I suggest three parts in our faith response to climate-change: one, telling the truth about climate change; secondly, exploring our faith to motivate change; thirdly, taking personal and political action to set new ways of living that respect Earth’s climate systems.

First, about truth

A few weeks back I was at a Seminar on Climate Change and Development in Rome. Cardinal Martino, as head of the Vatican’s Peace and Justice Commission, invited 80 delegates to gather data. A scientist from the Intergovernmental Panel on Climate Change (IPCC) summarised its 2007 Reports. While the detail is immense, the message is simple – reverse human induced Climate Change or bear the consequences. That is the truth to be faced. The environment ministers of the UK and France appealed to the churches to offer moral criteria and motivation. The UK’s Milliband called for a new ‘Environmental Contract’ similar to history’s Social Contract.

However, half the participants at the Vatican seminar were climate skeptics including (Viscount Monkton, Dr. Idso from the oil company financed CO2 Institute and Prof. Fred Singer, former tobacco lobbyist now employed by the oil companies) . Mark Diesendorf prefers to call them contrarians since they give honest skeptics a bad name. The contrarian litany:

  • climate change is merely the result of natural cycles;
  • the IPCC uses models that is not real science;
  • make the poor nations rich so they can afford to adapt to Climate Change;
  • blame China’s factories and Indonesian forest fires;
  • nuclear energy, clean coal and bio-fuels [GM?] are the best alternatives.

Their contorted lies were almost funny, but their PR litany sows the confusion that leads to paralysis. In the name of truth climate sceptics need to be publicly opposed. Sadly, many with vested interests play on the good will and faith of ordinary people. Under the banner of ‘concern for the poor’ they oppose carbon taxes. They pervert the religious word ‘stewardship’ and claim that ‘more CO2 is good’. They piously ask, how could humans be so presumptuous as to think that we can change the climate and divert God’s providence? In truth climate sceptics go against two decades of Catholic environmental teaching and their perversion of faith needs to be exposed.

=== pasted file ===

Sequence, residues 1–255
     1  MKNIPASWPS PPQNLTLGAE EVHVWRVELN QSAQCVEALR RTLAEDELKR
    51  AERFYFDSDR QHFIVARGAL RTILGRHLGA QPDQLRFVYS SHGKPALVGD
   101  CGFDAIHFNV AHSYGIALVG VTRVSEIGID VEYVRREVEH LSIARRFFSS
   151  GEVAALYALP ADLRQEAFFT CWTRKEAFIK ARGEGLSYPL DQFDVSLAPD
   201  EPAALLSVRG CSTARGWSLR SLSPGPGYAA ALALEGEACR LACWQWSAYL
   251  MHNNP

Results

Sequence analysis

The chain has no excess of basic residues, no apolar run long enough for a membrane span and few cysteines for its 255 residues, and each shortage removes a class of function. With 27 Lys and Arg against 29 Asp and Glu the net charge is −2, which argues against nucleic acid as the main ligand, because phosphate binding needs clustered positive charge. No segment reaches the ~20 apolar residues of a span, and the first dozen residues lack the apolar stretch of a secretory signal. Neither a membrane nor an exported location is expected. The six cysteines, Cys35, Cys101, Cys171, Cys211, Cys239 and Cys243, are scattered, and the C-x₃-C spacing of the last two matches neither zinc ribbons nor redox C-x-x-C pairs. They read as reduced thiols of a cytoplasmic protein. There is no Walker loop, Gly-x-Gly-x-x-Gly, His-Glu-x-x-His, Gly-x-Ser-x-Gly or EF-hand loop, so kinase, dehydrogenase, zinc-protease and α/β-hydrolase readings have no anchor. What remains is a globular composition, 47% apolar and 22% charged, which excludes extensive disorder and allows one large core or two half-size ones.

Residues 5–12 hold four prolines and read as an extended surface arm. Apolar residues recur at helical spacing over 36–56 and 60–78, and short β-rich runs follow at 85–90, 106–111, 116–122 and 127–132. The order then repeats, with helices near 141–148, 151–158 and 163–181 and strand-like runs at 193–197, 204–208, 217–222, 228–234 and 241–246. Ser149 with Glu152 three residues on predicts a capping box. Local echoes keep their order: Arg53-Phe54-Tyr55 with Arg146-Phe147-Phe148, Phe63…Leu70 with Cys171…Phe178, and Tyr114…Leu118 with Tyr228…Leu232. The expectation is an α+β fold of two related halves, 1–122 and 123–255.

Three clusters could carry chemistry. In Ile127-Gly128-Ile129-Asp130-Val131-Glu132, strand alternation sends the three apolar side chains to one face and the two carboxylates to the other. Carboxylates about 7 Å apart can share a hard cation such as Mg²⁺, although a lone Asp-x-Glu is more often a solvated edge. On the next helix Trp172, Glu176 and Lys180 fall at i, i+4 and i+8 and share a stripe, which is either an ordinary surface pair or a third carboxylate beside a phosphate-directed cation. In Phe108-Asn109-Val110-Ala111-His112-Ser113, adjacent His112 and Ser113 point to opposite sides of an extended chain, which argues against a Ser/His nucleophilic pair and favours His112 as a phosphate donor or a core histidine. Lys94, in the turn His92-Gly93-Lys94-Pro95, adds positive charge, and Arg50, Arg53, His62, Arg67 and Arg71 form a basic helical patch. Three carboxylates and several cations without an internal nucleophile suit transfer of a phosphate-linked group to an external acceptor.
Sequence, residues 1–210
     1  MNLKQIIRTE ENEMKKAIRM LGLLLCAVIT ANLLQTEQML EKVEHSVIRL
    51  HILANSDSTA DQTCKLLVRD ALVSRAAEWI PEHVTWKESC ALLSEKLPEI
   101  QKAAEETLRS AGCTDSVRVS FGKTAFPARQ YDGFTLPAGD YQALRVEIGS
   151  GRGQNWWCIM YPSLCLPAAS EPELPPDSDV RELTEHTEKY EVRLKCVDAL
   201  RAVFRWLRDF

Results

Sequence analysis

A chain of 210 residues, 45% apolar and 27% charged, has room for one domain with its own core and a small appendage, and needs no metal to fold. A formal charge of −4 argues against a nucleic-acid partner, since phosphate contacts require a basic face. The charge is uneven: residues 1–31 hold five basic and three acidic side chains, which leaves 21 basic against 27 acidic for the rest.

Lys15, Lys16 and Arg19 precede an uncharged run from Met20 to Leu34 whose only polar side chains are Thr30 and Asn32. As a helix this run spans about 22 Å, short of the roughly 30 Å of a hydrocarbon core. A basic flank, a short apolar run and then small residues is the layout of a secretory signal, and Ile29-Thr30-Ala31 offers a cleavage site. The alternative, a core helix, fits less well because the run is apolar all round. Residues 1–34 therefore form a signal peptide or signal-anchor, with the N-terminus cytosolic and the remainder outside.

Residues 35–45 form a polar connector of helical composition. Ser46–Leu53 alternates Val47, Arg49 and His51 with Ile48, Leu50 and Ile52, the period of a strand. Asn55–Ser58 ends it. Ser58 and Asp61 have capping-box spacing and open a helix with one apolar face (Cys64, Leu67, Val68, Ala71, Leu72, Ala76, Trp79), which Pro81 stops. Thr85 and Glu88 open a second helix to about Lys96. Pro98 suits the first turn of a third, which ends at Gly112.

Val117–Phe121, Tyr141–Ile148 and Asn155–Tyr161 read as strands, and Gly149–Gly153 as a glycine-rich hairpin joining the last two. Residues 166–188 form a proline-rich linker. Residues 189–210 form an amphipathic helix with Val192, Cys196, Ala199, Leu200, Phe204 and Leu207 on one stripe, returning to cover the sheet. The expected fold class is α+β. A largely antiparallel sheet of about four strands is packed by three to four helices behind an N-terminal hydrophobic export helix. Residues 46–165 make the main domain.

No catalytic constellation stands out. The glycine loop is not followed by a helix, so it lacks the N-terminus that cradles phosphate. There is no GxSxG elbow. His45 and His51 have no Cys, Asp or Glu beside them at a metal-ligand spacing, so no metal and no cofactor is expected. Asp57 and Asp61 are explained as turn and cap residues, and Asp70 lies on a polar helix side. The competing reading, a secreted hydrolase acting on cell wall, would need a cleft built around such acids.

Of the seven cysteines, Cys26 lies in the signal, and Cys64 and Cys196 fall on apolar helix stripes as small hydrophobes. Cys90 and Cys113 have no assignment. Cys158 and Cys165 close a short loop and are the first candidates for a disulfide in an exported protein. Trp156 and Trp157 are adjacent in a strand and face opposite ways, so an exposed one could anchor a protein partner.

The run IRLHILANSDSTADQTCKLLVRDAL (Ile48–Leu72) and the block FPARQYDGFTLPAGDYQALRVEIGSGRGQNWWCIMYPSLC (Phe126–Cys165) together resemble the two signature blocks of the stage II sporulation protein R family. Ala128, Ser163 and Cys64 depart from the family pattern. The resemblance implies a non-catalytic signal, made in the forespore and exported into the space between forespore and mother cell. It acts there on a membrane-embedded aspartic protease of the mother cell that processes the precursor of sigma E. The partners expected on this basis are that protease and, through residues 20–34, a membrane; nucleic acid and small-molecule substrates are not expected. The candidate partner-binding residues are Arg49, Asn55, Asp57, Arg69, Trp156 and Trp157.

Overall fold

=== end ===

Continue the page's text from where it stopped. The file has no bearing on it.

Archbishop Pat Kelly of Liverpool directly opposed an eccentric Italian scientist saying that there is little place for science that is removed from the real lives of people. Religious leaders who denigrate environmentalists as nature worshipers or hysterical must be exposed as deviating from Catholic teaching.

Secondly, about moral criteria and faith motivation

Thankfully, many at the Rome Seminar rejected the litany of the climate skeptics. Many bishops were impressive saying they wanted to build a pastoral response to Climate Change in their local communities and to actively enter the public debate. With leaders for the World Council of Churches (WCC) they called for a Papal encyclical on the environment and a common statement on Climate Change by church leaders. They said to draw on the Church’s social teaching to offer cogent ethical criteria: